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Buying Puts

Suppose you look at XYZ stock and think to yourself, “Now there’s a train wreck waiting to happen.” You can see that the price is going down soon -- but how can you make a profit when a stock loses value?

A put option allows you to do just that. It’s basically buying a call option in reverse. Let’s say that XYZ stock is trading for $10 a share in June. You just know in your bones that it’s going to tank by August. You buy the XYZ August $12.50 put option for $2 a contract. Your $200 now buys you the right to sell, or put, 100 shares of XYZ, at $12.50 a share, anytime before the third Friday in August. You do this because you fully expect it to drop like a stone – possibly all the way down to zero.

Let’s say you were right on the money. XYZ is a dog and falls to $5 a share. You can exercise the put and sell 100 shares of XYZ at $12.50 – then buy 100 shares of XYZ at the current price of $5 for a profit of $7.50 per share, minus the $200 you paid for the option, and commissions. Unlike a call option, in which you first buy and then sell, those who exercise put options sell the stock first -- and then buy the stock back at a lower price to complete the transaction. If you don’t want to hassle with buying and selling stock, you may simply choose to sell the put options, which rose in value when the price of the underlying stock fell.

But here’s the corresponding risk: say you buy one XYZ August $12.50 put contract at $2. A week later XYZ shoots up to $15 a share. You’re now in the red, and your losses only mount as XYZ continues to climb. You must then sell your put option at a loss or let the contract expire worthless

Buying Call Options

Let’s say it’s June, XYZ is trading at $10 a share and you think it will go much higher by August. You don’t have the money to buy 100 XYZ stock shares at $10 a share, but the XYZ August 12.50 options calls are selling for $2 a contract. You see that one options contract controls 100 shares of stock. You choose to buy one XYZ August $12.50 call option at $2 a contract. You pay $200 -- $2 x 100 shares.

Your $200 buys you the right to buy 100 shares of XYZ stock at $12.50 a share anytime between now and the third Friday in August, when your contract will expire.

A week later XYZ stock shoots up to $16 a share. Congratulations! Do you exercise your option now and buy 100 shares of XYZ stock at $12.50 a share? Usually not. Wouldn’t you be making a profit? Yes – barely. You’d be making $350, minus the $200 you paid for the options, minus commissions for the stock trades. But why do all that -- look at the price of your XYZ options! They’ve also risen – let’s say, to $4 a contract – $400 minus the $200 you paid for the options = $200 profit in one week!

You see, when the underlying stocks rise in price, the value of your call options usually rise as well – and since the options cost far less, you can afford to load up on them. Translation: Options can make you a lot of money, very quickly, with only a small initial investment. But only if the price of the call option rises high enough – and within the timeframe you chose!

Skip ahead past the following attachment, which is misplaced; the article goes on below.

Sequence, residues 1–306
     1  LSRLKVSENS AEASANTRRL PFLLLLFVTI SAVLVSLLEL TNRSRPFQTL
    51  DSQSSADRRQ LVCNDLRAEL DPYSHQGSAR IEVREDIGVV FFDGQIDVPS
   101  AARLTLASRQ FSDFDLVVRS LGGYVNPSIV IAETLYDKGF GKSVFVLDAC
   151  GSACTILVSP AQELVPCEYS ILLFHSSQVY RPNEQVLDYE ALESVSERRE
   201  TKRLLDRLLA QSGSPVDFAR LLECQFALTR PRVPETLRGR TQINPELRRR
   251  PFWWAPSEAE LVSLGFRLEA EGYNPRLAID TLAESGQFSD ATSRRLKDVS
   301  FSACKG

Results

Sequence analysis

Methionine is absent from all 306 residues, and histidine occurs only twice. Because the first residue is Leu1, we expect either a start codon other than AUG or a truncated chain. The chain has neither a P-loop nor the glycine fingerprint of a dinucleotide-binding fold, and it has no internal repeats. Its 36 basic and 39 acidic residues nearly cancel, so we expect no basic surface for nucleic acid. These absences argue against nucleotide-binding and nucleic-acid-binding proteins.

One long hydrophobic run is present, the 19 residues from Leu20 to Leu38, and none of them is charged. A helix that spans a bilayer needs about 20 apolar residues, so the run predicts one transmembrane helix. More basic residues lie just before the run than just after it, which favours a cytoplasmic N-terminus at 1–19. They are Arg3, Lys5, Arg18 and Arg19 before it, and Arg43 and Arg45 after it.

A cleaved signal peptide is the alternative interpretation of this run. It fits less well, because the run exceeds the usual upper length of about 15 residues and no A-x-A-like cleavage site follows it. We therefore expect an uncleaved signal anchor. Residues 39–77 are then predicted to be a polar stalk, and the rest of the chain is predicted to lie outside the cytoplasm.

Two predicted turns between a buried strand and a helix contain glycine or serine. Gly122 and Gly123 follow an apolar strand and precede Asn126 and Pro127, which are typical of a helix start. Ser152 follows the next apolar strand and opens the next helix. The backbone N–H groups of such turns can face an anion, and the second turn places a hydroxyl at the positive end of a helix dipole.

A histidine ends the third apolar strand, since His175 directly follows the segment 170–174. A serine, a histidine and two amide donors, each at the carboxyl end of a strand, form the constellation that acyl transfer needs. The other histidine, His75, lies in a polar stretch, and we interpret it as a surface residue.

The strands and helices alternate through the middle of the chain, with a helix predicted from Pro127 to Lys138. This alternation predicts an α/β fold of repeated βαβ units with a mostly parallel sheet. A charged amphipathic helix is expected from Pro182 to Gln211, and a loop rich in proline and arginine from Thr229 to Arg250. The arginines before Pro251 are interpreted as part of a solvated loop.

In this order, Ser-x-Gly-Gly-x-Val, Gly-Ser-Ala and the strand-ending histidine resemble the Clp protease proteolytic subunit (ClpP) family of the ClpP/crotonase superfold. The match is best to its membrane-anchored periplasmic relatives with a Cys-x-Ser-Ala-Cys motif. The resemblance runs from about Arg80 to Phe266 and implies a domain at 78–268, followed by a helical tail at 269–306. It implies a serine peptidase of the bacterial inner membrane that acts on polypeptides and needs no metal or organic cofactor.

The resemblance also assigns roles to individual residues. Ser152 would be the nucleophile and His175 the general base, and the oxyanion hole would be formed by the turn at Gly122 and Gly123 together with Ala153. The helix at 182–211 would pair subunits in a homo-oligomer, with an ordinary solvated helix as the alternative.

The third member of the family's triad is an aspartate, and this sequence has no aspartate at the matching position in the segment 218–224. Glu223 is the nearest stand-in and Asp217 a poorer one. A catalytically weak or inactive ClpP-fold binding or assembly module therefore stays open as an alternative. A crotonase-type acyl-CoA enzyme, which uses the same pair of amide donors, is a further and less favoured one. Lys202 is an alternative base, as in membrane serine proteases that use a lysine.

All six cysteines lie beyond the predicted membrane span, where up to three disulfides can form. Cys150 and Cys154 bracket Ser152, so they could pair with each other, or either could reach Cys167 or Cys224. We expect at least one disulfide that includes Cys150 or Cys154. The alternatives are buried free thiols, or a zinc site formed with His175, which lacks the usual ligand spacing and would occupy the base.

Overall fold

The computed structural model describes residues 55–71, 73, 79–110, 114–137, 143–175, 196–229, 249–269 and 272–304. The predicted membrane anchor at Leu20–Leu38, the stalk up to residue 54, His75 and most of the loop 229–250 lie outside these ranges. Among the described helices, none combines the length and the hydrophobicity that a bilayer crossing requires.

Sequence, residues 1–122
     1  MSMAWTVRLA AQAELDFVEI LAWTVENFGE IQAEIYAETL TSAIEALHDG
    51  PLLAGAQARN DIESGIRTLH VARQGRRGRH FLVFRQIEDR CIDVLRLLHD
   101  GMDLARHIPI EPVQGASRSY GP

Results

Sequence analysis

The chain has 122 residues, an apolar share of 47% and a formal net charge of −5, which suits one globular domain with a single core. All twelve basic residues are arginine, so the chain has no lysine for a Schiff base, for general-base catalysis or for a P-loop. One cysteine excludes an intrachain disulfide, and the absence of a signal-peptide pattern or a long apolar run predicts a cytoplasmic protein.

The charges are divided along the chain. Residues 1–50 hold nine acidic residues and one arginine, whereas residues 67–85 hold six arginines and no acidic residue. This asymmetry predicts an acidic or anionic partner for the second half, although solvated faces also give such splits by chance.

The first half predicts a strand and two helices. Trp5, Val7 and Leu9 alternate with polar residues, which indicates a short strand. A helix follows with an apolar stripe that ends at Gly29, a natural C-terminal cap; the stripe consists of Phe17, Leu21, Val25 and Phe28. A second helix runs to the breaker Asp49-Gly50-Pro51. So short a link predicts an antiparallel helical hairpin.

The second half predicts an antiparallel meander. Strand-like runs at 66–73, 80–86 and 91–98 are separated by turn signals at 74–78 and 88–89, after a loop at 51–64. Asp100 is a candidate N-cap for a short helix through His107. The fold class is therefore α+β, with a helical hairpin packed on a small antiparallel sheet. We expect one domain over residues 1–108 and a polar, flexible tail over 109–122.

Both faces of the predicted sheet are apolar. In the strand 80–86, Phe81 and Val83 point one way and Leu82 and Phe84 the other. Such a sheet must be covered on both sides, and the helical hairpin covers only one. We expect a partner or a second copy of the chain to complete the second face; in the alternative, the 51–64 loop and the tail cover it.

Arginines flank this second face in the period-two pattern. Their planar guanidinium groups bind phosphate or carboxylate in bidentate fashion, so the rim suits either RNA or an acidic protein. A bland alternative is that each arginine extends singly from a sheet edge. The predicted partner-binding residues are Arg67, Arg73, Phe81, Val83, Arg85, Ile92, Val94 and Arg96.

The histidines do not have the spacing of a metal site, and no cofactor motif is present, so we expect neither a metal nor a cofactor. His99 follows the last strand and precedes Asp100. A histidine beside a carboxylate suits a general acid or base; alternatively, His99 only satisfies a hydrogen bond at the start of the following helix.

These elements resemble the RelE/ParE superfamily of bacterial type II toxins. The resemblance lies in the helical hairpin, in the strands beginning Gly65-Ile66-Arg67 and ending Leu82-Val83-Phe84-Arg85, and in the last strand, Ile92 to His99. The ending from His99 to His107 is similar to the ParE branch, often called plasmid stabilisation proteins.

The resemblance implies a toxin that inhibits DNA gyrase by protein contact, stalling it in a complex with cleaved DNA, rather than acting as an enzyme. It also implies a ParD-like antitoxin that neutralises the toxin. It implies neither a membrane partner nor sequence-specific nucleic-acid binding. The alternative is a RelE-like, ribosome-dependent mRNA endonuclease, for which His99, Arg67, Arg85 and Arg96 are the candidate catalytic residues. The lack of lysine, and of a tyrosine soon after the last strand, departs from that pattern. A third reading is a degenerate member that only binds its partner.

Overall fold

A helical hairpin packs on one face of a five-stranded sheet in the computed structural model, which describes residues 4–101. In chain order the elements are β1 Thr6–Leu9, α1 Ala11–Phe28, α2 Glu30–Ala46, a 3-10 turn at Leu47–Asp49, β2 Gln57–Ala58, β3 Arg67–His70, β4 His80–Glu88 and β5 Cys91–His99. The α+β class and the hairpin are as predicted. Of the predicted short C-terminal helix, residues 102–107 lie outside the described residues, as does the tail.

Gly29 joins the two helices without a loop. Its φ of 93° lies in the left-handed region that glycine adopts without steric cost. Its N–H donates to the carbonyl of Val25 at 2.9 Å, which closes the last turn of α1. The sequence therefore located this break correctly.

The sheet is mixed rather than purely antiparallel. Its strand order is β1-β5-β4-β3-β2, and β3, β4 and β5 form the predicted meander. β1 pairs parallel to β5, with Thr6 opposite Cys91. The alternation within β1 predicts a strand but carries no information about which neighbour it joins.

Here’s the other potential call option scenario, this one not so pretty: You choose to buy one XYZ August $12.50 option contract at $2 a contract. You pay $200. The price of XYZ stock plunges to $5 a share – far below your strike price. It stays there well into July. You’re now faced with a hard choice – sell your options for a big loss while you still can, or ride it out, hoping that the stock will rebound. If you still hold your contract on the third Friday in August, it will expire worthless – and you’ve lost the whole $200!

This possibility is why many brokerage firms advise their novice clients to avoid options trading – at least until they learn enough to assume these risks knowledgeably.

Selling Puts

Say it’s June, and you own 100 shares of XYZ stock, which is stuck at $10. The market is stable and you’re pretty sure XYZ is on its way up soon, but it isn’t going anywhere at the moment. You’d like to make some money off XYZ while you wait for the move, but you don’t want to sell a call option, since you believe the stock may rise in price. You see that the XYZ August $10 put options are selling for $2. You sell one put contract and receive a $200 premium from the put buyer.

If XYZ rises above $10, you keep both your stock and the $200 premium, since you’re unlikely to get called out when your stock is at, or above, the put strike price.

If, however, you misjudged either the market or XYZ, and the stock falls below your strike price of $10, the option may be exercised, and you may be forced to buy 100 shares of XYZ stock at $10 a share. The amount of your loss will then depend on how low XYZ falls before you can sell it and get out of the trade.

As you can see, options are versatile investments. These examples are only the most basic of the potential options trading strategies available. It’s important to note that since options are perishable commodities, and since it’s possible to lose money with them very quickly, it’s not advisable to trade them until you have a good grasp of what they are and how they work.